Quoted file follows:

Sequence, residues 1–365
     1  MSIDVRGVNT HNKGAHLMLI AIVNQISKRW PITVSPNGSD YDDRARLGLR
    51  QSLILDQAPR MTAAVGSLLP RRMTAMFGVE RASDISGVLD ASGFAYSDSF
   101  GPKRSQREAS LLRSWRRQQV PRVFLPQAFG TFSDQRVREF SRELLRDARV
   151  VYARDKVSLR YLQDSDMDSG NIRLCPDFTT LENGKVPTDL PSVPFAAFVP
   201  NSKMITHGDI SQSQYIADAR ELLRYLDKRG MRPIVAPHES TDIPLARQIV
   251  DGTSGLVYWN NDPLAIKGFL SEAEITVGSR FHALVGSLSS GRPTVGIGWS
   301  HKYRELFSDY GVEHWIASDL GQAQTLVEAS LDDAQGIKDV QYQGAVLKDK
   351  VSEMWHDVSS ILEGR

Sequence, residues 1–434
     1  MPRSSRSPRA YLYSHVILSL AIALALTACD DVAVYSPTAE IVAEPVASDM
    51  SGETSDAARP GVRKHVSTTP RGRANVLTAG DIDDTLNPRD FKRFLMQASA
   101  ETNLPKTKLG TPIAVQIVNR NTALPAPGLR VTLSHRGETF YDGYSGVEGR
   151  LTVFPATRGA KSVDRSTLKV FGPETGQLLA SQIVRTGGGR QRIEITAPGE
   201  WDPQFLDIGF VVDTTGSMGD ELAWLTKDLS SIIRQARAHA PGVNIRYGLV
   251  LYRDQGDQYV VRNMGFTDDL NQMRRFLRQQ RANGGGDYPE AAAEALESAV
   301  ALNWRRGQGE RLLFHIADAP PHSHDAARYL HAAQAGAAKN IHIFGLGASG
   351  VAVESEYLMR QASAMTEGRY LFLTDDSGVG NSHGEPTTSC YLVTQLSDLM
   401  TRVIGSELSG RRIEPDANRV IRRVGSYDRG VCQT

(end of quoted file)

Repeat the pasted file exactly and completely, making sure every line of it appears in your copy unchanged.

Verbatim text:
Sequence, residues 1–365
     1  MSIDVRGVNT HNKGAHLMLI AIVNQISKRW PITVSPNGSD YDDRARLGLR
    51  QSLILDQAPR MTAAVGSLLP RRMTAMFGVE RASDISGVLD ASGFAYSDSF
   101  GPKRSQREAS LLRSWRRQQV PRVFLPQAFG TFSDQRVREF SRELLRDARV
   151  VYARDKVSLR YLQDSDMDSG NIRLCPDFTT LENGKVPTDL PSVPFAAFVP
   201  NSKMITHGDI SQSQYIADAR ELLRYLDKRG MRPIVAPHES TDIPLARQIV
   251  DGTSGLVYWN NDPLAIKGFL SEAEITVGSR FHALVGSLSS GRPTVGIGWS
   301  HKYRELFSDY GVEHWIASDL GQAQTLVEAS LDDAQGIKDV QYQGAVLKDK
   351  VSEMWHDVSS ILEGR

Sequence, residues 1–434
     1  MPRSSRSPRA YLYSHVILSL AIALALTACD DVAVYSPTAE IVAEPVASDM
    51  SGETSDAARP GVRKHVSTTP RGRANVLTAG DIDDTLNPRD FKRFLMQASA
   101  ETNLPKTKLG TPIAVQIVNR NTALPAPGLR VTLSHRGETF YDGYSGVEGR
   151  LTVFPATRGA KSVDRSTLKV FGPETGQLLA SQIVRTGGGR QRIEITAPGE
   201  WDPQFLDIGF VVDTTGSMGD ELAWLTKDLS SIIRQARAHA PGVNIRYGLV
   251  LYRDQGDQYV VRNMGFTDDL NQMRRFLRQQ RANGGGDYPE AAAEALESAV
   301  ALNWRRGQGE RLLFHIADAP PHSHDAARYL HAAQAGAAKN IHIFGLGASG
   351  VAVESEYLMR QASAMTEGRY LFLTDDSGVG NSHGEPTTSC YLVTQLSDLM
   401  TRVIGSELSG RRIEPDANRV IRRVGSYDRG VCQT